7.
Syst Rev ; 9(1): 262, 2020 11 20.
Artículo en Inglés | MEDLINE | ID: mdl-33218366

RESUMEN

BACKGROUND: Severe acute respiratory syndrome coronavirus 2 (SARS-CoV-2) causes coronavirus disease 2019 (COVID-19) which has rapidly spread worldwide. Several human randomized clinical trials assessing potential vaccines are currently underway. There is an urgent need for a living systematic review that continuously assesses the beneficial and harmful effects of all available vaccines for COVID-19. METHODS/DESIGN: We will conduct a living systematic review based on searches of major medical databases (e.g., MEDLINE, EMBASE, CENTRAL) and clinical trial registries from their inception onwards to identify relevant randomized clinical trials. We will update the literature search once a week to continuously assess if new evidence is available. Two review authors will independently extract data and conduct risk of bias assessments. We will include randomized clinical trials comparing any vaccine aiming to prevent COVID-19 (including but not limited to messenger RNA; DNA; non-replicating viral vector; replicating viral vector; inactivated virus; protein subunit; dendritic cell; other vaccines) with any comparator (placebo; "active placebo;" no intervention; standard care; an "active" intervention; another vaccine for COVID-19) for participants in all age groups. Primary outcomes will be all-cause mortality; a diagnosis of COVID-19; and serious adverse events. Secondary outcomes will be quality of life and non-serious adverse events. The living systematic review will include aggregate data meta-analyses, trial sequential analyses, network meta-analyses, and individual patient data meta-analyses. Within-study bias will be assessed using Cochrane risk of bias tool. The Grading of Recommendations, Assessment, Development and Evaluations (GRADE) and Confidence in Network Meta-Analysis (CINeMA) approaches will be used to assess certainty of evidence. Observational studies describing harms identified during the search for trials will also be included and described and analyzed separately. DISCUSSION: COVID-19 has become a pandemic with substantial mortality. A living systematic review assessing the beneficial and harmful effects of different vaccines is urgently needed. This living systematic review will regularly inform best practice in vaccine prevention and clinical research of this highly prevalent disease. SYSTEMATIC REVIEW REGISTRATION: PROSPERO CRD42020196492.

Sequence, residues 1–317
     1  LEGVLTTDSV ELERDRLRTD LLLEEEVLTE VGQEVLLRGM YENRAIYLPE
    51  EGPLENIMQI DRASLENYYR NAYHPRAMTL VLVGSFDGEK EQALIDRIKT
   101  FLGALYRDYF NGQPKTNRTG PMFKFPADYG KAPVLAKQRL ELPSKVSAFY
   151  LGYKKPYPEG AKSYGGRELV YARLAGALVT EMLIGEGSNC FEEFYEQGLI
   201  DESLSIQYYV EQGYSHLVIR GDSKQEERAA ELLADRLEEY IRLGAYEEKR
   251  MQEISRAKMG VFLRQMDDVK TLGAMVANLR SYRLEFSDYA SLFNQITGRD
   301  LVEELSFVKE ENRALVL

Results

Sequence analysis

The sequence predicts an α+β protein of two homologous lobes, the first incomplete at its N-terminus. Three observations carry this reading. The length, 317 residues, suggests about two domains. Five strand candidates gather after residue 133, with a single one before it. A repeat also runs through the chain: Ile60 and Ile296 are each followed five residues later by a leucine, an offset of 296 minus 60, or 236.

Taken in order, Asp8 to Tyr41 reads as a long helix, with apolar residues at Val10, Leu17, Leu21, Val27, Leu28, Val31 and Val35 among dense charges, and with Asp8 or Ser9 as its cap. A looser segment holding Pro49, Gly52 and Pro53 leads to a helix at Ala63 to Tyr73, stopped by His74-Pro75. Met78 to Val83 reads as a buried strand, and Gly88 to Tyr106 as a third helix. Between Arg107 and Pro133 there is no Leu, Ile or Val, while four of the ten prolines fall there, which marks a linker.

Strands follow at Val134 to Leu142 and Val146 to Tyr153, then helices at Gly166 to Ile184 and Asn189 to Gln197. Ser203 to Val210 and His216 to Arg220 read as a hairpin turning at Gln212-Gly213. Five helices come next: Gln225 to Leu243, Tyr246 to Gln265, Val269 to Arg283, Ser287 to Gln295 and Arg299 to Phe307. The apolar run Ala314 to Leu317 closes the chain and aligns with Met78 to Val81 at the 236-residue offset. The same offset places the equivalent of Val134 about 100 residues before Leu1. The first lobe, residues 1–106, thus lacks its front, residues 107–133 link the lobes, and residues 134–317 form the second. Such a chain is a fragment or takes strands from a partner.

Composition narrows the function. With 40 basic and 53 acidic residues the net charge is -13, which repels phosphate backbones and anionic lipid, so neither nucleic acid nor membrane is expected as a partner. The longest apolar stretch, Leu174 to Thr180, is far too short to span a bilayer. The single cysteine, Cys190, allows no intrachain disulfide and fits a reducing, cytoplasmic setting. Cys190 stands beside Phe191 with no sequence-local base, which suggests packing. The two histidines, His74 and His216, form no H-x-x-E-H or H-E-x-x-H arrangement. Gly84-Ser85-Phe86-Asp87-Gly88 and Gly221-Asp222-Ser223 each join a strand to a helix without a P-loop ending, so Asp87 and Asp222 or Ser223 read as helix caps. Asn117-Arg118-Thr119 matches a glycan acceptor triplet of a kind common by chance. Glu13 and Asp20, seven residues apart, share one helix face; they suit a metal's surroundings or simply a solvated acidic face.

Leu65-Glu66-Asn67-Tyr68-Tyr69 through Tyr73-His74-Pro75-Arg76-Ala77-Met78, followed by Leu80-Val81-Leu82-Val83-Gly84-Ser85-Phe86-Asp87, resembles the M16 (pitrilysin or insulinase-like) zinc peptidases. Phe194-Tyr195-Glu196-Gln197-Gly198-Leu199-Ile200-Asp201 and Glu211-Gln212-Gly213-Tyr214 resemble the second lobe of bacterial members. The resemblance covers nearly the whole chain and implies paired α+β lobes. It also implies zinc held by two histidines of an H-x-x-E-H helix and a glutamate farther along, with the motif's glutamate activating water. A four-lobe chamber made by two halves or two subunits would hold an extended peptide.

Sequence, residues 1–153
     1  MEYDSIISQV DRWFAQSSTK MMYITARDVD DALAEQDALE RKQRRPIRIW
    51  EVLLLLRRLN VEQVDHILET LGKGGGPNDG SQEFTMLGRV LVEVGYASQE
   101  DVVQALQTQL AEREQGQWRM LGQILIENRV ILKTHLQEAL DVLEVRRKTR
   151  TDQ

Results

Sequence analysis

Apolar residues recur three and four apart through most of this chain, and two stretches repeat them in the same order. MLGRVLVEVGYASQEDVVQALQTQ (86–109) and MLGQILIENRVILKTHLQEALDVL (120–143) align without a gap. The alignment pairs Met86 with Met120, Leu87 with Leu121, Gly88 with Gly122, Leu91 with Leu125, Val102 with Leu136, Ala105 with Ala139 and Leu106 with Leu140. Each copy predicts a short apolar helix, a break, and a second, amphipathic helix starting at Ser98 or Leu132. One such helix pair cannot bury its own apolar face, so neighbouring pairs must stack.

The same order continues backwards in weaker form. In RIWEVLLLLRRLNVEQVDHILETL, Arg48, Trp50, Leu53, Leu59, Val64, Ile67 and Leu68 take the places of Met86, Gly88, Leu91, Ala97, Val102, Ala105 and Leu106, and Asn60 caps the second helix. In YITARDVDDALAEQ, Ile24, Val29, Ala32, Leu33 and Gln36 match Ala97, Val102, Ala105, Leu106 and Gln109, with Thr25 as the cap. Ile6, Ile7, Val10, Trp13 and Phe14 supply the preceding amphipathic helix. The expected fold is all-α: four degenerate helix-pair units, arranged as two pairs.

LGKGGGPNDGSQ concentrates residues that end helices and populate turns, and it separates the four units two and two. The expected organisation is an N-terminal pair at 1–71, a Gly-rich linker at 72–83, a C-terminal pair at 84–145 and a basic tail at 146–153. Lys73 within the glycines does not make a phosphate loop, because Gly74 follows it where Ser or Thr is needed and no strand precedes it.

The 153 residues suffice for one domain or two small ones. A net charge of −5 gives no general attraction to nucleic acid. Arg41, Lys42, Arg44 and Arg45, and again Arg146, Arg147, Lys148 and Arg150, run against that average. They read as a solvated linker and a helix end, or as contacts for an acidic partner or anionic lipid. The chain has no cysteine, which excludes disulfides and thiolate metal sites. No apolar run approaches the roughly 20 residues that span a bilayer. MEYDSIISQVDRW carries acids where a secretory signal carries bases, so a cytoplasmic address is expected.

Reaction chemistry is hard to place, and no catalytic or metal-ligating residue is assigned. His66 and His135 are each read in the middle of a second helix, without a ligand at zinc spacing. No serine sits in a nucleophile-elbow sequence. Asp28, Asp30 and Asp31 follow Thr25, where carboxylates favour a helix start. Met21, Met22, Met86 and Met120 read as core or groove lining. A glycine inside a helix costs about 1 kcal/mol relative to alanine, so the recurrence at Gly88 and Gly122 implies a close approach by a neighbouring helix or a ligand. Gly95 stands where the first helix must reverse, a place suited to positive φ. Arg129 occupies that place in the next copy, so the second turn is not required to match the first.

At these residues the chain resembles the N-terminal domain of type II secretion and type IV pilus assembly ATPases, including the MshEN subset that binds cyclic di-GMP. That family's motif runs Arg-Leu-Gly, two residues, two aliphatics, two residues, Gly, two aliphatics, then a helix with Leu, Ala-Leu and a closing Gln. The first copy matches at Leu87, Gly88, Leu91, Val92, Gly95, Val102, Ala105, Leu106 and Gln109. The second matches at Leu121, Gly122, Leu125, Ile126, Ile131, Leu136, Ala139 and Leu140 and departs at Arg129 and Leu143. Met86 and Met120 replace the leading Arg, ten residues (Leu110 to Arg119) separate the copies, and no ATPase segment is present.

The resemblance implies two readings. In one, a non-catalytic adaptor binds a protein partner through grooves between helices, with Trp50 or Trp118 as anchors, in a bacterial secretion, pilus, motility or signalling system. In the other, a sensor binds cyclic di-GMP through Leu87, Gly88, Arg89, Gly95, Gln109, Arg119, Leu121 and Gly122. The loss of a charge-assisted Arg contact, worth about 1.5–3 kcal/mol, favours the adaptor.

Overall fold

8.
BMJ Open ; 10(11): e036058, 2020 Nov 05.
Artículo en Inglés | MEDLINE | ID: mdl-33154043

RESUMEN